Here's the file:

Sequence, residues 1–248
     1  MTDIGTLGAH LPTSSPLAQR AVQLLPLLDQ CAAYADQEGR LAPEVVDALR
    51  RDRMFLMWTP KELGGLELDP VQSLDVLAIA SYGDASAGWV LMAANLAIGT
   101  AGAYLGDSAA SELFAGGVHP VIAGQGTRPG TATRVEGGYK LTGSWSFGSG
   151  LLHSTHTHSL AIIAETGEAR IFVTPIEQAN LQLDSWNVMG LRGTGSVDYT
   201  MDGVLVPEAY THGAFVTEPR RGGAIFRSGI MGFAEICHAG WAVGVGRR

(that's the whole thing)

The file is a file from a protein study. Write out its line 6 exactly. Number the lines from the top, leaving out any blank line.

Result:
   201  MDGVLVPEAY THGAFVTEPR RGGAIFRSGI MGFAEICHAG WAVGVGRR